SOMERSET, Lord Robert Edward Henry (1776-1842).
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Family and Education
b. 19 Dec. 1776, 4th s. of Henry, 5th Duke of Beaufort, and bro. of Lord Arthur John Henry Somerset*, Charles Henry Somerset*, Fitzroy James Henry Somerset*, and Henry Charles Somerset, Mq. of Worcester*. educ. Westminster 1789. m. 17 Oct. 1805, Hon. Louisa Augusta Courtenay, da. of William, 2nd Visct. Courtenay, 2s. 5da. KCB 2 Jan. 1815; GCB 17 Oct. 1834.
Jt. dep. paymaster-gen. 1807-13; lt.-gen. of Ordnance June 1829-Nov. 1830, surveyor-gen. Dec. 1834-Apr. 1835.
Cornet, 10 Drag. 1793, lt. 1793, capt. 1794; a.d.c. to Duke of York in Holland 1799; maj. 12 Drag. 1799, 28 Drag. 1800; lt.-col. 5 Ft. 1800, 4 Drag. 1801; col. 4 Drag. in Portugal 1809; a.d.c. to King with rank of col. 1810; maj.-gen. i/c Hussar brig. 1813, i/c heavy cav. brig. in Netherlands 1815, i/c 1 brig. cav. France 1815-18; col. 21 Drag. 1818; inspecting gen. cav. 1818-25; col. 17 Lancers 1822, Royals 1829, 4 Drag. 1836; lt.-gen. 1825, gen. 1841.
Lord Edward Somerset, as he was usually known, was a captain in the army when he came in for Monmouth Boroughs on the family interest.1 His father was a friend of Pitt’s government, and Lord Edward, when he attended, followed the same line: but he was on active service in Holland in 1799. In 1802 he made way for his elder brother Charles. On his father’s death in October 1803, he replaced his eldest brother Henry as county Member for Gloucestershire and retained the seat until he was defeated for the western division in 1832. He voted with Fox and Pitt against Addington’s ministry on defence, 23, 25 Apr. 1804, and was listed a friend of Pitt on his return to power, voting against the censure motion on Melville, 8 Apr. 1805.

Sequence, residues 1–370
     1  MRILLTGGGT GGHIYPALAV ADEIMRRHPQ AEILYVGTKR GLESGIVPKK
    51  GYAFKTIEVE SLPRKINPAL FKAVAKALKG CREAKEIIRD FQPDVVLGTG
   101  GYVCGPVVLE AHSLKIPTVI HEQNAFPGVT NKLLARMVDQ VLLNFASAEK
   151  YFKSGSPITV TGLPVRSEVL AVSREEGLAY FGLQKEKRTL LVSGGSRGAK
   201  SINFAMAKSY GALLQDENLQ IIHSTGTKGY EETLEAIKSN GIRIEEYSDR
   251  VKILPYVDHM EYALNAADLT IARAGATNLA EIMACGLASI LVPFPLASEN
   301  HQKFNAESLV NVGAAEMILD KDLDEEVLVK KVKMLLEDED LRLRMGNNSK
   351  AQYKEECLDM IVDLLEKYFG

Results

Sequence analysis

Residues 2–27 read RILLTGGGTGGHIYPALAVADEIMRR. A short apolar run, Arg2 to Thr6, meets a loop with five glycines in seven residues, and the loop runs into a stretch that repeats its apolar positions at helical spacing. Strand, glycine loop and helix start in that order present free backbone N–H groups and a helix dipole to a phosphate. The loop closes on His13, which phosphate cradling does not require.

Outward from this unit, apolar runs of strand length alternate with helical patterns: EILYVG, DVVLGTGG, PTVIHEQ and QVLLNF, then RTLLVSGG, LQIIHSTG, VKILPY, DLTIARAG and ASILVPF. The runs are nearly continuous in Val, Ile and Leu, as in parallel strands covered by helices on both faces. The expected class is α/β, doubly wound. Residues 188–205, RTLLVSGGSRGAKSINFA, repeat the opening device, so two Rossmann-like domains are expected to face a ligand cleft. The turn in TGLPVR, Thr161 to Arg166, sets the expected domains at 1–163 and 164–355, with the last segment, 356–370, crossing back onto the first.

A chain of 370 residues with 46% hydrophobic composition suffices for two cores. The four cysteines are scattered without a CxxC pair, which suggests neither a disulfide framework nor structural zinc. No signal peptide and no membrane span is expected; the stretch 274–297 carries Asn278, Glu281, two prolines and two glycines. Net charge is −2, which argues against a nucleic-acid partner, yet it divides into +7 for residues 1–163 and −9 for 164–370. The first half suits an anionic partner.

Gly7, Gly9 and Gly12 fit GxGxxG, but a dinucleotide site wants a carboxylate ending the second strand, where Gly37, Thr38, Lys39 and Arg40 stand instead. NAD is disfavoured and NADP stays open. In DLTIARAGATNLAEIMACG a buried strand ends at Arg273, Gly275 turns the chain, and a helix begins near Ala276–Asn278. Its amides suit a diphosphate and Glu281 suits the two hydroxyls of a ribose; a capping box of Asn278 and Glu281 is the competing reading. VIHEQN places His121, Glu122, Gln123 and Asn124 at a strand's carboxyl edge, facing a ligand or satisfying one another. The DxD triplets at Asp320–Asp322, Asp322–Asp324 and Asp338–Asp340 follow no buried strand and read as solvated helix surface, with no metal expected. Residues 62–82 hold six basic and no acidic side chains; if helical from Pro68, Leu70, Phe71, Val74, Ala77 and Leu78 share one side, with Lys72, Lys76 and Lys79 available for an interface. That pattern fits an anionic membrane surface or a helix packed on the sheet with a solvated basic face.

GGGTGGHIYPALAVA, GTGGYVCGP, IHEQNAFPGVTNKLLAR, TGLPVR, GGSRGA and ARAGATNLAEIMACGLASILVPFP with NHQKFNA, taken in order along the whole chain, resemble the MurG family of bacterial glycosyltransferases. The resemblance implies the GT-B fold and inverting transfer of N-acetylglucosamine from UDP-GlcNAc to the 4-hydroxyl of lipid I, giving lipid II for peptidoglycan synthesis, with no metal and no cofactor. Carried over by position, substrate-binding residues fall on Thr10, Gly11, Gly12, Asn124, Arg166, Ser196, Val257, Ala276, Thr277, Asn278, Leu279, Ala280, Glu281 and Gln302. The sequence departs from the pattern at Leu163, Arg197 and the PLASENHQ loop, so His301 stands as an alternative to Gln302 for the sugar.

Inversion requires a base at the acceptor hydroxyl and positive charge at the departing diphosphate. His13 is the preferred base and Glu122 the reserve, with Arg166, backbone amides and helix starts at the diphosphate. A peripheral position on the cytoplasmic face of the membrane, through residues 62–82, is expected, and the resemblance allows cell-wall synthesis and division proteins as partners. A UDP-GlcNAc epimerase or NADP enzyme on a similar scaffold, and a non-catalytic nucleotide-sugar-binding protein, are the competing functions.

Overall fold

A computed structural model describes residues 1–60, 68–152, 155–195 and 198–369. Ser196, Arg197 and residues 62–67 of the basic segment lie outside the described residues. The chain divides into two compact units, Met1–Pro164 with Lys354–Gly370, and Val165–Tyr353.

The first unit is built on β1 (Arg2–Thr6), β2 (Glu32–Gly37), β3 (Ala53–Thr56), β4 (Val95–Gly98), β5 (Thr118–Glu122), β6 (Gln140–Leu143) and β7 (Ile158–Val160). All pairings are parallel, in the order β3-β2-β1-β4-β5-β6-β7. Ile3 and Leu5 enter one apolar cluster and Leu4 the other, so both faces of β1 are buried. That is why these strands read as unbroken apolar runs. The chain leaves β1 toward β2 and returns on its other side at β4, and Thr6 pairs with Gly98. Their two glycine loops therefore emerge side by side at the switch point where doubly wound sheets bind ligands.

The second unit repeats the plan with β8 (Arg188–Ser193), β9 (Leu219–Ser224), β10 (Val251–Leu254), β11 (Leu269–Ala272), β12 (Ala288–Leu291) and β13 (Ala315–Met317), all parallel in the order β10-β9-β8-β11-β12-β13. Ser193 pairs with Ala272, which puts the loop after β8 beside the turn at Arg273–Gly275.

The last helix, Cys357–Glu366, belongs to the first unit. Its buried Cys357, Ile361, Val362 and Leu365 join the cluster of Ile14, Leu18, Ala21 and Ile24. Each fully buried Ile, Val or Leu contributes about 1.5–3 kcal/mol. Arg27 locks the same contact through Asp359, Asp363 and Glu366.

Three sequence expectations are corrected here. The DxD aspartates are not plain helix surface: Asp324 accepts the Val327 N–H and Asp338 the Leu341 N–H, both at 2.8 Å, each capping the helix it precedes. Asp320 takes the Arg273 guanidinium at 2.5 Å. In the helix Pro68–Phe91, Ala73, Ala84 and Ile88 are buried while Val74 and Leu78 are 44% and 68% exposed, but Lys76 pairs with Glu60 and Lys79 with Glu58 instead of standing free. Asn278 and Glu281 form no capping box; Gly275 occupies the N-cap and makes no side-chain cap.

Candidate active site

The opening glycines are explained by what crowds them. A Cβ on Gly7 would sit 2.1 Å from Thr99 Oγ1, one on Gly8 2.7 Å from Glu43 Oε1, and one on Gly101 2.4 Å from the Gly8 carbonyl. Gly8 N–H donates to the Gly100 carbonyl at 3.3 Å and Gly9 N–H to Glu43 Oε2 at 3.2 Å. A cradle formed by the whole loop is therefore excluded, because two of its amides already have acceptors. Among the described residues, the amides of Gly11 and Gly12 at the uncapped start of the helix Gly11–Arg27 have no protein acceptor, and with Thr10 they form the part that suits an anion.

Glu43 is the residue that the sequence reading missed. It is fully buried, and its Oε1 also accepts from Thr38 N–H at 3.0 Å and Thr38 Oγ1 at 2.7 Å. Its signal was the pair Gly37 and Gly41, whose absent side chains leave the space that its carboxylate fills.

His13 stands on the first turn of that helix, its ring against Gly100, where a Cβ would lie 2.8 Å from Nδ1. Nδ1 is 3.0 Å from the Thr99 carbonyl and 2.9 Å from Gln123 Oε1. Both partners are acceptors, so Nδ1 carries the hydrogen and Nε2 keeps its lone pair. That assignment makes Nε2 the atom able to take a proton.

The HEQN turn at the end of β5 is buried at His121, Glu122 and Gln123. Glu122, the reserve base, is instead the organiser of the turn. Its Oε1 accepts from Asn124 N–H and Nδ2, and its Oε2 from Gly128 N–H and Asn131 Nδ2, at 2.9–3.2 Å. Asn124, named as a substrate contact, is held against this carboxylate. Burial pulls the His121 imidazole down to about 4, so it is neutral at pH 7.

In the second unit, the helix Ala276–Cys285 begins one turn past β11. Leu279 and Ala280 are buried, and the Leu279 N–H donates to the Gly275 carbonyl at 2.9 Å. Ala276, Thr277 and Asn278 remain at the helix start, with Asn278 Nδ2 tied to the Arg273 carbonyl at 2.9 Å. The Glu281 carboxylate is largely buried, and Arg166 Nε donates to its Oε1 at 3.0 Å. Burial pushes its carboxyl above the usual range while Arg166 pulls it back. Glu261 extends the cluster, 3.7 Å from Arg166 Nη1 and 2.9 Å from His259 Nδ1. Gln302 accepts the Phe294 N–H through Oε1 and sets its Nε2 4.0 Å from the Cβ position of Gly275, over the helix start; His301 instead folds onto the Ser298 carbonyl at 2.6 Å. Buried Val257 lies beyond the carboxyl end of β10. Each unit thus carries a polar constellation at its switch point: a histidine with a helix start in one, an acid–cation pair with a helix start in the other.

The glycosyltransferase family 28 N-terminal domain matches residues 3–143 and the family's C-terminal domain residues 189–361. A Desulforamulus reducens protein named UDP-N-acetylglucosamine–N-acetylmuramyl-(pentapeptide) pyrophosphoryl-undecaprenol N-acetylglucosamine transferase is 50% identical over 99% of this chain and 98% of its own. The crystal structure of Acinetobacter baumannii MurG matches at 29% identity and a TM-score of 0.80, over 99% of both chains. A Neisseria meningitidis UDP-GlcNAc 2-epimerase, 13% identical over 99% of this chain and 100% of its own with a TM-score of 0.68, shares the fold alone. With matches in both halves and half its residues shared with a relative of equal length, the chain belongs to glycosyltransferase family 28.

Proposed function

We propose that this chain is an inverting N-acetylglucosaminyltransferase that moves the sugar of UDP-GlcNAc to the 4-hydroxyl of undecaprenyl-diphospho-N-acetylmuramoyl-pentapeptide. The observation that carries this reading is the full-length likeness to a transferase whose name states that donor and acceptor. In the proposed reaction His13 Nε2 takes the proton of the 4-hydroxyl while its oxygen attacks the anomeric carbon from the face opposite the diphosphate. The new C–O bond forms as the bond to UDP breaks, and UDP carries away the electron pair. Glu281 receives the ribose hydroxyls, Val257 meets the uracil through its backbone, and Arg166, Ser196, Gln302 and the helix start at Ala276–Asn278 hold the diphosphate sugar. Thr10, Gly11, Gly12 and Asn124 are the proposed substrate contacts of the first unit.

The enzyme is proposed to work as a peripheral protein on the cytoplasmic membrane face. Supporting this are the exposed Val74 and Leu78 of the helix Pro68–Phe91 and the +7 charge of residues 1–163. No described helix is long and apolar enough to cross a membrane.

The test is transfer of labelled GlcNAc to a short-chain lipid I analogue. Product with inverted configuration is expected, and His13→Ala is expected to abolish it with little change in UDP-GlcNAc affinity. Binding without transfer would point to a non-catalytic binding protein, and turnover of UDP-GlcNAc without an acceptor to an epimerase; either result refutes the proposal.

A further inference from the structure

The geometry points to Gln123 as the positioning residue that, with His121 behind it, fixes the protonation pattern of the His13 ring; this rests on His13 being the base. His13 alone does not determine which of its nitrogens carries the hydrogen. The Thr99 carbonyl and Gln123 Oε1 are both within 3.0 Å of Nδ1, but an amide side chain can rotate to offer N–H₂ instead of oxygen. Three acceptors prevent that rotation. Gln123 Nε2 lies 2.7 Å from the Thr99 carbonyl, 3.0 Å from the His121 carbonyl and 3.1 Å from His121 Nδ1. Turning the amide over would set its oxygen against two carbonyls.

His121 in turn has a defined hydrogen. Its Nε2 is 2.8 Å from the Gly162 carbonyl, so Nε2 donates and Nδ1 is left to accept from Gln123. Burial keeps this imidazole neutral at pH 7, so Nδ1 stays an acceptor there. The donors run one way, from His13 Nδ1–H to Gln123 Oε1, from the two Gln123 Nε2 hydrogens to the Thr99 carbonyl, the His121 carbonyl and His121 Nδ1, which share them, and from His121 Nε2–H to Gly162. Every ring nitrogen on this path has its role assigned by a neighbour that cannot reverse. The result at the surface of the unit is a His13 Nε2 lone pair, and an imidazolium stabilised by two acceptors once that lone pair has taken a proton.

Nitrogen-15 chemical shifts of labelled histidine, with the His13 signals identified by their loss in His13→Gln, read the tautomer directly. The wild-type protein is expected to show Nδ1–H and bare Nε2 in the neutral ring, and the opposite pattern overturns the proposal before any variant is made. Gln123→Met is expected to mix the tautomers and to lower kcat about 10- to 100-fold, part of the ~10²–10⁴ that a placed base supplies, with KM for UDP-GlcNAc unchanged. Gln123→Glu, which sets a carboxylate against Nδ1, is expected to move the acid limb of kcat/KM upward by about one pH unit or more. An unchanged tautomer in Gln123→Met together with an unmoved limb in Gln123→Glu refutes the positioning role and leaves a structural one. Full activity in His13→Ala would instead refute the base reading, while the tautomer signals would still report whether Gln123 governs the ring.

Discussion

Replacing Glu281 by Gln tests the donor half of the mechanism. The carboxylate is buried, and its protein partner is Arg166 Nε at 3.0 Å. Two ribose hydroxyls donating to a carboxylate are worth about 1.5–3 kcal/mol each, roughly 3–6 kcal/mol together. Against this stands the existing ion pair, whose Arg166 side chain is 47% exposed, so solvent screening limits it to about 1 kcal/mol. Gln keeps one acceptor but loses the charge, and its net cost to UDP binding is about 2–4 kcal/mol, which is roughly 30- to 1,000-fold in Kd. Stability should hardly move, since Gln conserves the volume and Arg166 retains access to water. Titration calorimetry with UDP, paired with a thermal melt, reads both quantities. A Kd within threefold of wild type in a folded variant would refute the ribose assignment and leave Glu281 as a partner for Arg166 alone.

There is no further evidence of political activity for ten years, although he took sinecure office in 1807 and was considered a friend of administration. In 1808 he was stationed in Dublin where the Duke of Richmond’s partiality for his wife was the scandal of the season.2 In 1809 he joined Wellington in Portugal. He served in the Peninsula until the end of the war, and after appearing in government majorities on 14 Apr. and 8 May 1815, in the Waterloo campaign, acquiring a reputation as a dashing cavalry leader. He was twice thanked by the House for his services3 and received many decorations. On his return home he again, when present, gave his silent vote to government, and voted against Catholic relief, 9 May 1817. His politics remained conservative and he later took office under his friend Wellington, as usual in a military capacity. He died 1 Sept. 1842.